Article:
Matt Fuller has been named this year’s winner of the Farm Sprayer Operator of the Year (FSOOTY) award at the Cereals LIVE virtual event.
After leaving university four years ago, Matt began work at Heathcote Farms in Bedfordshire, where he is now the main sprayer operator.
He operates a 4,000-litre Bateman RB35 with 32m wide VG boom – one of the first in the UK to be equipped with the Capstan Pulse Width Modulation (PWM), which became the subject of his BASIS project.
First-time FSOOTY applicant Matt commented: “We saw the main benefits in investing in PWM is the improved accuracy from individual nozzle control, as well as the turn compensation to maintain consistent application rates.
“I’ve only been spraying for five years, but in that time I have seen big changes. I feel it’s so important to keep up to date with training – anything that increases my knowledge is worthwhile.”
Judges were impressed by how quickly Matt has progressed in his relatively short career, as well as his interest in his work and efforts to increase his knowledge.
Scott Cockburn, business manager and application specialist for FSOOTY organiser Syngenta, explained: “This year, judging the contestants by Zoom interviews and questioning, we have been hugely impressed by their knowledge and passion the job entails. Delving into the details, has revealed their professional approach to every application.
“Syngenta recognises that the skills of the sprayer operator are paramount in achieving the full potential from all our crop protection products. Matt has proved a worthy winner by demonstrating that best practice can deliver efficient, cost effective and, above all, safe crop spraying.”
Matt’s top tip was to use an old milk crate to hold 1-litre cans, so the lids can be unscrewed and kept ready for filling without the cans falling over.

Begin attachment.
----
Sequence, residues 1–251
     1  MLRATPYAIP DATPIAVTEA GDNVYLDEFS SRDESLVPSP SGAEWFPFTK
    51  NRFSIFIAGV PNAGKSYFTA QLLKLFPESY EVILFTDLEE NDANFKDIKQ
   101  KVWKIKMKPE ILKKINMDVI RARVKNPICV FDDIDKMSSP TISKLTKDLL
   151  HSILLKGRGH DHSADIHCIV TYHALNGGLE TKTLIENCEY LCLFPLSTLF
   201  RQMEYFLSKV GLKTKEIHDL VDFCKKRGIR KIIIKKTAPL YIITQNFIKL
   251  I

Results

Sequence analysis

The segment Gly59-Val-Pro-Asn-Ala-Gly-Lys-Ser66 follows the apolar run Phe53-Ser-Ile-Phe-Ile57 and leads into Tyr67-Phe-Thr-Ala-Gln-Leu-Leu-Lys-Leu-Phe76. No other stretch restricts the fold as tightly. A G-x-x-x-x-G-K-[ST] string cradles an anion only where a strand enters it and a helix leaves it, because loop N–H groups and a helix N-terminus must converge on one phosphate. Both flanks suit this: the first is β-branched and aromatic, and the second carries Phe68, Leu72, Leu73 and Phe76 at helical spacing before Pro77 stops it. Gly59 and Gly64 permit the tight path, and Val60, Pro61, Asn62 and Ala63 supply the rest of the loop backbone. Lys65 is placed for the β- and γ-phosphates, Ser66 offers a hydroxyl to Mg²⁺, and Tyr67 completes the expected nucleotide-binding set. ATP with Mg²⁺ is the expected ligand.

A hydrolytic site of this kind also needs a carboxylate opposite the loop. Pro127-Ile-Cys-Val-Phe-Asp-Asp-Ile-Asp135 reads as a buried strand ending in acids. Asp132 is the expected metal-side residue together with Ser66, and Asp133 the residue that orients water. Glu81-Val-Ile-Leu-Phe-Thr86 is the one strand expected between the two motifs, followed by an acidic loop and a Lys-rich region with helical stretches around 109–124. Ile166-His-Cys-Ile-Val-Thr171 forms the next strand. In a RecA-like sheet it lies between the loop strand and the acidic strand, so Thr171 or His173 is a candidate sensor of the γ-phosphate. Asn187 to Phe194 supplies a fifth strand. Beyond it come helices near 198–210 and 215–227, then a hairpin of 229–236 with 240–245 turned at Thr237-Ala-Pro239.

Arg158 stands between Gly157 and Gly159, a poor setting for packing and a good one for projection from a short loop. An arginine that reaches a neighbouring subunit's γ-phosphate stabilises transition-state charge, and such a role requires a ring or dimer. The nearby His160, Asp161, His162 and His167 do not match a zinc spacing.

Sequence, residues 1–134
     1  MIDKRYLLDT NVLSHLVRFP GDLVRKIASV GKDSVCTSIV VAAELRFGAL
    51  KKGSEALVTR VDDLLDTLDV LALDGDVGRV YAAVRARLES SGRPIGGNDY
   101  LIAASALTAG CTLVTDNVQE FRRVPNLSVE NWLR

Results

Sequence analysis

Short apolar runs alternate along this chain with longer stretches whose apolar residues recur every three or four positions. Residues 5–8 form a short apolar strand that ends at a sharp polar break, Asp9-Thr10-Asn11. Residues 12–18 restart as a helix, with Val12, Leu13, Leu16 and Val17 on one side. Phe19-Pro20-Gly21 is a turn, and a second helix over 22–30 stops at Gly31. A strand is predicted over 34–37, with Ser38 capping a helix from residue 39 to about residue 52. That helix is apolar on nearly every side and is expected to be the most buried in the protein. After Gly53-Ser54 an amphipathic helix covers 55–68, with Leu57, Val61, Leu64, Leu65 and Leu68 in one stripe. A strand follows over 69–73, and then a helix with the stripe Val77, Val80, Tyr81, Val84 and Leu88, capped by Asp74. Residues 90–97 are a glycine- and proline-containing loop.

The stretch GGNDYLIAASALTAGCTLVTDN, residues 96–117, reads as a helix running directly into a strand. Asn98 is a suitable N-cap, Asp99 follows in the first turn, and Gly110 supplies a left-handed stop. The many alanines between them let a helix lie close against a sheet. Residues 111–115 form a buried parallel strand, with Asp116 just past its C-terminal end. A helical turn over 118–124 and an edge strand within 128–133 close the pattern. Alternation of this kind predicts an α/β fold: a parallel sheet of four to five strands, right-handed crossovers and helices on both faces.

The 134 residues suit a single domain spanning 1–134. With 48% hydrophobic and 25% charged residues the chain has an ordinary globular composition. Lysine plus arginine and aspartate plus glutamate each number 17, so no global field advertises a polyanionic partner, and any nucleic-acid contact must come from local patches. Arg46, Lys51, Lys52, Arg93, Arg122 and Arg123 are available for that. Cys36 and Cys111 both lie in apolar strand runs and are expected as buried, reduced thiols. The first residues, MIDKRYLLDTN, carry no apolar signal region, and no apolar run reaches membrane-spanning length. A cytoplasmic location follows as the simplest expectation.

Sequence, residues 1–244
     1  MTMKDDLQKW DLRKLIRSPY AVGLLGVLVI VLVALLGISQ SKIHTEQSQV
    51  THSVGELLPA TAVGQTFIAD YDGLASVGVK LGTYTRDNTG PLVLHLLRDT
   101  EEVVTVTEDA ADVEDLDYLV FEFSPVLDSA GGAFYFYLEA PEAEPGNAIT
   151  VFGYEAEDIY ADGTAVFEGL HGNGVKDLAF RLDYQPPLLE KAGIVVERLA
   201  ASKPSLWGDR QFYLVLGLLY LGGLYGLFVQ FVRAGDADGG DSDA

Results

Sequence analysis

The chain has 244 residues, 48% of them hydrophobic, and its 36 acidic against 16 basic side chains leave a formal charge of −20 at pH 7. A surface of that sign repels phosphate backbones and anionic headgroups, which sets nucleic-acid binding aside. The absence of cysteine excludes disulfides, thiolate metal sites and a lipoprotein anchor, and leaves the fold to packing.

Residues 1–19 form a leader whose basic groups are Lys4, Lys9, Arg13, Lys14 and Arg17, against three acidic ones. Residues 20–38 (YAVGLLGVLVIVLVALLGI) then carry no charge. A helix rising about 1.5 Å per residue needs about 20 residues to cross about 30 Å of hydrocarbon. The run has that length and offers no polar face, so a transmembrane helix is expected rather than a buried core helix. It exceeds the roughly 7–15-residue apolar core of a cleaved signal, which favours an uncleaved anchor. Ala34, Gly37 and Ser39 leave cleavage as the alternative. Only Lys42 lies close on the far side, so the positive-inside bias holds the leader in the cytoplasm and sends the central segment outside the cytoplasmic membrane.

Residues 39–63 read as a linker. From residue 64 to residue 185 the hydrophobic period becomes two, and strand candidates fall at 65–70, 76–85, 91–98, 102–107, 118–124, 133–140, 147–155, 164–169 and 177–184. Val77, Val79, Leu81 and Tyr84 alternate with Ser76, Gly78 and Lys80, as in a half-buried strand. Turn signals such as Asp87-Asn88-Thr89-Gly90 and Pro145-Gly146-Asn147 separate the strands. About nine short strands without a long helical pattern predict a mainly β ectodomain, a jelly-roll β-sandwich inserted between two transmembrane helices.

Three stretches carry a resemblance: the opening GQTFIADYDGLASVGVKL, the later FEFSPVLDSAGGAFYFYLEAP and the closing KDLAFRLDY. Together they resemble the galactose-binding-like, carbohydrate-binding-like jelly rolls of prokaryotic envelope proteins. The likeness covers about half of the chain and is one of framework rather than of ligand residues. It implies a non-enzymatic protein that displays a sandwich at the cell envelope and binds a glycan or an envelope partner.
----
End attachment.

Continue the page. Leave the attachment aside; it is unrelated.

As he announced the winner, NFU vice president Tom Bradshaw said: “We know that there’s going to be ever-more scrutiny on the way we use the plant protection products that are available to us.
“And it’s absolutely critical that we can demonstrate professionalism right the way through our industry. We know that the products are absolutely vital in delivering affordable food for society. It is also critical that we look after the environment at the same time.”
Mr Cockburn noted that the FSOOTY awards ceremony has only been cancelled once in its history – in 2001 due to the Foot and Mouth outbreak. In this most unusual year, finalists had to rise to the challenge of the final judging process remotely, via video conferencing.
Runners up this year were: Peter Dennis of Sentry, R Stenberg Farms in Kent; Luke Haynes from Montreal Estate in Kent; Steven Keal of Thelveton Farms in Diss; Michael Knight of A J Middleton in Kettering; and Tristan Newens of Windmill Down Farm in Hampshire.
Syngenta’s Harry Fordham said previous contestants for the award have noted that even if they didn’t win, the opportunity to share knowledge has been “invaluable”, as he encouraged people to enter and nominate others next year.